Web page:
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Federal Way faces $240 million payment for light rail, regardless of project's fate
$240 million: That’s the projected amount Federal Way will have paid into the Sound Transit light rail project by the time it’s finished in 2040 — regardless of whether light rail reaches the city.
Sound Transit recently announced that light rail in Federal Way will be scrapped, for now, due to a 31 percent shortfall in tax revenue collections for the South King County area.
As it stands now, that $240 million contribution from Federal Way over the course of 30 years will have gone toward every other project in the ST2 package except the extension of light rail to Federal Way. Since voters approved ST2 in 2008, Sound Transit has collected approximately $12 million from Federal Way, according to data provided by the city.
The $240 million overall cost to Federal Way taxpayers was calculated by the city’s finance director and based on the 30-year life of the bonds used to fund ST2; the cost assumes a 2 percent growth in sales tax revenue, according to the city.
Sound Transit predicts an overall revenue shortfall of $3.9 billion through 2023, when the Federal Way light rail station was scheduled for completion. The ST2 expansion included plans for a station near South 272nd Street and Pacific Highway South. That station would have linked Federal Way to the existing light rail line that runs from downtown Seattle to Seattle-Tacoma International Airport.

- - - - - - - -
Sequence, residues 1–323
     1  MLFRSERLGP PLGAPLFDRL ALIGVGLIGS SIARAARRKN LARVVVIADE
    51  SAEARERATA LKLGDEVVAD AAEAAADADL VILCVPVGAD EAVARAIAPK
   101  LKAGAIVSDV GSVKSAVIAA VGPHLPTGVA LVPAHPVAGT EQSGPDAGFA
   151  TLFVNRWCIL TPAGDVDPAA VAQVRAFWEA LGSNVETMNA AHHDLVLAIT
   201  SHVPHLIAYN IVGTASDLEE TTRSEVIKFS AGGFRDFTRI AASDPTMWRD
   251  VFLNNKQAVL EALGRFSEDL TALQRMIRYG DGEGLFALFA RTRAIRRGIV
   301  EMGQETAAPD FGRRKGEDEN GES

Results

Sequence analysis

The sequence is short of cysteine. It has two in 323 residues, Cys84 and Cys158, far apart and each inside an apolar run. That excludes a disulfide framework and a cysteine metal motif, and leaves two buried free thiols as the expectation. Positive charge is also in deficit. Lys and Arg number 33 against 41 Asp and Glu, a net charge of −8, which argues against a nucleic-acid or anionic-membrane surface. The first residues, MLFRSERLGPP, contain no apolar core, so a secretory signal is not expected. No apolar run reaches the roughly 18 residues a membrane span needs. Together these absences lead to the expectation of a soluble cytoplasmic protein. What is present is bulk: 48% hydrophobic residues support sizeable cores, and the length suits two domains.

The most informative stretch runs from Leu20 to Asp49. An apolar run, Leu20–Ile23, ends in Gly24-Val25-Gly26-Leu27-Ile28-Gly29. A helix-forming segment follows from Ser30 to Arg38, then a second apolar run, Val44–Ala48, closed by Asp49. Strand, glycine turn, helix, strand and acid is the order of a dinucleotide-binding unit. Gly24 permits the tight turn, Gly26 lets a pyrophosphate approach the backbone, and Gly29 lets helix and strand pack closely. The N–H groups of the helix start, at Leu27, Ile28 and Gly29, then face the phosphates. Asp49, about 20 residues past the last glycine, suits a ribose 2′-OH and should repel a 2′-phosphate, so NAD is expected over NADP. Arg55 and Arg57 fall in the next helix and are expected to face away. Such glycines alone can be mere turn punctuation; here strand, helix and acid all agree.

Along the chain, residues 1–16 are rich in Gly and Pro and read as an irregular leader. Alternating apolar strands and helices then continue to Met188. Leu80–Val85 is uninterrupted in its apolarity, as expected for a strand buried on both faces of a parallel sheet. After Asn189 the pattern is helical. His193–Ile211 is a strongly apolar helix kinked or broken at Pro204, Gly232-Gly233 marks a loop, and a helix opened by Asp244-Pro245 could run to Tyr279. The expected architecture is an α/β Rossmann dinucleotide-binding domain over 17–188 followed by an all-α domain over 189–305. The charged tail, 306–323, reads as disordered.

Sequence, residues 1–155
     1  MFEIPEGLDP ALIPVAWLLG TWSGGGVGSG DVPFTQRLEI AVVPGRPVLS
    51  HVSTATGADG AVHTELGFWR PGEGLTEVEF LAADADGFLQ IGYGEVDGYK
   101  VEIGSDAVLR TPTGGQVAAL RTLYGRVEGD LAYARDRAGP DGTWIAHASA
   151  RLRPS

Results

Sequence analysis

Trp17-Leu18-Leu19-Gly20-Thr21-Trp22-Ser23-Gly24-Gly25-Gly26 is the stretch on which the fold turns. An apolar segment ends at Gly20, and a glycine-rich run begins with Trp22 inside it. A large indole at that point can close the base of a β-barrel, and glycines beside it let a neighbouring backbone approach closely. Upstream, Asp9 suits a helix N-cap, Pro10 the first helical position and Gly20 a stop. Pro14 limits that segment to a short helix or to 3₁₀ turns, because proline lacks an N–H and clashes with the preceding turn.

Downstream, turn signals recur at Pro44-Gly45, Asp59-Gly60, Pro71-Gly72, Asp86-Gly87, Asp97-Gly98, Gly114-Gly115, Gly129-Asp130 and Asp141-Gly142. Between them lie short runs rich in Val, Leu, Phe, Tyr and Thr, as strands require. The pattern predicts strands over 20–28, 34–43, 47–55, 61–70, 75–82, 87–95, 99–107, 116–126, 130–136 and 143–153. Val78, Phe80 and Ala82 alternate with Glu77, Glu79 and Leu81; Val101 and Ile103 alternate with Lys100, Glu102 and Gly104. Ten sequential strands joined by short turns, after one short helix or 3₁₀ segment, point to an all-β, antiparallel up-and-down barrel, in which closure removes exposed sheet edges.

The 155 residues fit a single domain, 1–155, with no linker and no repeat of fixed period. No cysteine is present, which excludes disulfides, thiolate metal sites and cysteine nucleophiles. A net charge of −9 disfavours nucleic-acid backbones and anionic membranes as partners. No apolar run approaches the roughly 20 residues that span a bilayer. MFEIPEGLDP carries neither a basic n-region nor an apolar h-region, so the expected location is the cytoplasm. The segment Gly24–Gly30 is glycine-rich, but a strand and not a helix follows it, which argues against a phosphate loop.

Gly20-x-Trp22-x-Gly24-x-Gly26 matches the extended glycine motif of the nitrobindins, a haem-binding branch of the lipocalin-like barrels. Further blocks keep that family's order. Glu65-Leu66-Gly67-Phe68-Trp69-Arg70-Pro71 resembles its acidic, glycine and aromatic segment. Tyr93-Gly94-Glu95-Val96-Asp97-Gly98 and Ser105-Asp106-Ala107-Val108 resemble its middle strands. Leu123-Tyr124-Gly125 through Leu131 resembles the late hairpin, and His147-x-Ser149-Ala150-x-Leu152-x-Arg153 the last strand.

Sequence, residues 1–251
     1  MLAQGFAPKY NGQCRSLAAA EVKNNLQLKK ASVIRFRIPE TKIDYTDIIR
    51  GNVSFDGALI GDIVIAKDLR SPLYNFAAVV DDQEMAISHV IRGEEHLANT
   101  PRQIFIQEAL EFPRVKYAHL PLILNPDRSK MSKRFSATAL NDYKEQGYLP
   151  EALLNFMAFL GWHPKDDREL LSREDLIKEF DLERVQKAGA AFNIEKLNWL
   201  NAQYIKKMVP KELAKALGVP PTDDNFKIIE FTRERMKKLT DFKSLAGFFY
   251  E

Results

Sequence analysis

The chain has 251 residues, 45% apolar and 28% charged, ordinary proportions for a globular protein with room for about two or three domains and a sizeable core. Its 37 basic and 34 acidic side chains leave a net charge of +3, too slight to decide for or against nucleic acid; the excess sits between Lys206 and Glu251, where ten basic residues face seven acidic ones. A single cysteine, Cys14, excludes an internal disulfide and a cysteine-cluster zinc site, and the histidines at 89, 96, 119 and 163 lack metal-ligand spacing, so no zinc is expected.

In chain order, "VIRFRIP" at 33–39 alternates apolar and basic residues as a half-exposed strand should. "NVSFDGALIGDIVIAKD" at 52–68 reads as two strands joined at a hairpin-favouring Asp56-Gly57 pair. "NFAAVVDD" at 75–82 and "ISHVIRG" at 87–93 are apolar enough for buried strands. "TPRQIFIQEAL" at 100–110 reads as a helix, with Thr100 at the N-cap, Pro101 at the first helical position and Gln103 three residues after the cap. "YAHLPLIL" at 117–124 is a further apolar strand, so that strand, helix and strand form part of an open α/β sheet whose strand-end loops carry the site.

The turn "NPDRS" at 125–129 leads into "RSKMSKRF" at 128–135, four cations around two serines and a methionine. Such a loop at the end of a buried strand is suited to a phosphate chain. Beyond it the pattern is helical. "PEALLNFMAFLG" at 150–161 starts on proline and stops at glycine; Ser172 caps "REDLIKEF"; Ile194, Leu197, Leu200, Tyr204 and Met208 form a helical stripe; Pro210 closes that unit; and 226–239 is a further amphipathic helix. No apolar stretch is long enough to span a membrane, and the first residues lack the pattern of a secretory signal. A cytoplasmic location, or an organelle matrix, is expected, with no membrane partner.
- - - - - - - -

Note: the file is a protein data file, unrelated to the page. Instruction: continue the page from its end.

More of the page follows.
So far, Federal Way is the only location being cut from the ST2 package. Bringing light rail to Federal Way would require another ballot measure, said Sound Transit spokeswoman Kimberly Reason.
The Federal Way City Council has scheduled a special meeting on May 24 to pass a resolution regarding light rail in Federal Way, with the goal of making this a political issue. The meeting will start at 7 p.m. in the Patrick Maher room in City Hall.
City spokesman Chris Carrel said the special meeting will make official Federal Way’s position on the delay of light rail, but indicated Mayor Skip Priest and his council are unhappy with the current conditions.
“It’s fair to say that the mayor and the council are concerned with the broken promise we’re apparently being handed,” Carrel said.
The Sound Transit governing board will meet May 26 to consider options for bringing light rail past South 200th Street to include a stop at Highline Community College. In related news, it was announced this week that Sound Transit is planning to spend $2.1 million on researching rail and bus ridership.